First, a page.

three trees pictured progressing from little to many succulents on the tree form

Our tree begins to take shape as we fill in with succulents and moss. Photo by Kerry Zwack.

After all of your succulents are placed and secured, add Spanish-moss and/or reindeer moss to fill in any gaps where you can see the sphagnum moss. If you’re using fairy lights (not Christmas lights), now is the time to start wrapping them at the top of the tree while working your way down and tucking the lights in between the plants. You’ll want the plug to be at the bottom of the tree.

If you’d like to add a tree topper, a large succulent works great! You can add that topper at the end of the process. For our topper, we used Tillandsia and Spanish-moss. We placed the topper and lights on our tree about a week before it went on display, starting the lights at the top so the plug would end up near the bottom. If you use lights, be sure to be careful if watering; we have our plugs in a waterproof case to keep them from getting wet. If you’d like to use ornaments, add them at the end as well. We integrated ornaments in our garland to give it some sparkle.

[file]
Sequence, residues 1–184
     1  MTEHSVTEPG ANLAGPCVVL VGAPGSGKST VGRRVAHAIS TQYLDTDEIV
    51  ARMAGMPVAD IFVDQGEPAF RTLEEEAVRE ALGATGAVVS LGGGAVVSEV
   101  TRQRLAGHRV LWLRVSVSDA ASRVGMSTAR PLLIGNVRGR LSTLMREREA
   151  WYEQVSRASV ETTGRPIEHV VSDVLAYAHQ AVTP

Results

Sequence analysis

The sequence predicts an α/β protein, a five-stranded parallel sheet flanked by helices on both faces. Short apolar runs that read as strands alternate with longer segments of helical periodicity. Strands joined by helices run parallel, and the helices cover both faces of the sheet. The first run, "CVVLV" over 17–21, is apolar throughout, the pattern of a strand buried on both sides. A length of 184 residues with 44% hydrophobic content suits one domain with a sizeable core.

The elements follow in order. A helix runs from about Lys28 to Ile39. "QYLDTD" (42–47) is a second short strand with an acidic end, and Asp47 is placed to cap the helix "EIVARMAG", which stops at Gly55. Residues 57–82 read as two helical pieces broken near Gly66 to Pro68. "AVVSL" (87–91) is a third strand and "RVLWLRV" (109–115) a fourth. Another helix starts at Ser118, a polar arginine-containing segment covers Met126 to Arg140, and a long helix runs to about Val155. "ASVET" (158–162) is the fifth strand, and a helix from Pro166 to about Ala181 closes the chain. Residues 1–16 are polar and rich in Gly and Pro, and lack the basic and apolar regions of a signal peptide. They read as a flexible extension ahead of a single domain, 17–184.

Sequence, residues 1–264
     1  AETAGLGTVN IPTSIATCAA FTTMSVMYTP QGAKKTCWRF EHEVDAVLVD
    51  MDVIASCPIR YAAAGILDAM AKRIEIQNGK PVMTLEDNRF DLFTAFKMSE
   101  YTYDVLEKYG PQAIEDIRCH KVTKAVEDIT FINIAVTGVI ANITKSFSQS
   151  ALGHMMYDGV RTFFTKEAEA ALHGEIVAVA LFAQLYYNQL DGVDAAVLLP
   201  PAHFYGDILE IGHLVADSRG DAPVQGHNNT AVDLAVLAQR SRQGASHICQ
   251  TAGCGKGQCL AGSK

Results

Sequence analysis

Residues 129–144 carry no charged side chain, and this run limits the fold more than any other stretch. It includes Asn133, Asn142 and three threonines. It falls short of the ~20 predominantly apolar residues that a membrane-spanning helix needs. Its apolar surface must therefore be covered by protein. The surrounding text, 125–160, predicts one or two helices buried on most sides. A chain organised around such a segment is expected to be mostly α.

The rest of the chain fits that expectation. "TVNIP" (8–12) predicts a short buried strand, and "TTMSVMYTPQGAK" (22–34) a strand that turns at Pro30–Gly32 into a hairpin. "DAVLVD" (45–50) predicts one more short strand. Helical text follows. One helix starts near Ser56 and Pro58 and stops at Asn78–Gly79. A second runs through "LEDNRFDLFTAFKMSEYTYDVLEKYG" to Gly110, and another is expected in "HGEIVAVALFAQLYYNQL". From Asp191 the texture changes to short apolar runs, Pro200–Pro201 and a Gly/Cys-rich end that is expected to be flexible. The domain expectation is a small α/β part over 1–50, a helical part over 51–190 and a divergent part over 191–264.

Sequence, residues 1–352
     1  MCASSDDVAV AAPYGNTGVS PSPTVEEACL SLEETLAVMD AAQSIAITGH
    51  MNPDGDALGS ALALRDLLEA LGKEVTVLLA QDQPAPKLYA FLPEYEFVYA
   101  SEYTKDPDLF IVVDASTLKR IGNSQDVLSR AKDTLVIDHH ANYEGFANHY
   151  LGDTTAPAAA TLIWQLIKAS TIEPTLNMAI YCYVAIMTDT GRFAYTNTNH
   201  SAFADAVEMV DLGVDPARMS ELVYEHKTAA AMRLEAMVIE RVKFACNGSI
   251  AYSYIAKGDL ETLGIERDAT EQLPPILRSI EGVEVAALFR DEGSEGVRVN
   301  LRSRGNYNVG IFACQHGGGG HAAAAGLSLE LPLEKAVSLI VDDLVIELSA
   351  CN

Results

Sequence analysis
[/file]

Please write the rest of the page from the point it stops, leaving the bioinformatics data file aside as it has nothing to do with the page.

a close up of succulents on a tree form with gold ball ornaments

Ornaments in small groups of three tied to a small stake look fantastic and are easy to push into the moss. Photo by Carol Gross.

Here at Longwood, we started working on the tree in late September into the second week of October, with two of us working about five full days to finish it. For a smaller tree form for home, figure on a few hours of work … followed by much enjoyment and minimal maintenance! Again, you won’t need to water often as long as the succulents are moist when they’re placed on the form. Plus, Sempervivum is hardy, meaning it can withstand cold weather, so feel free to keep your creation outside for display. I’d recommend not letting it get snowed on, and giving it an indoor reprieve once temperatures are consistently below freezing, though.

a christmas tree form made out of succulents

Our completed tree makes it way to the East Conservatory entrance during A Longwood Christmas installation. Photo by Kerry Zwack.

a nighttime shot of a tree made of succulents with white lit hanging baskets above it

Our Sempervivum living tree, on display in the East Conservatory entrance, amid gold metal orbs embellished with hanging Amaranthus and other preserved botanicals. Photo by Eileen Tercha.

We had such a blast creating our Sempervivum living tree … and we wish you the best of luck creating your own at home!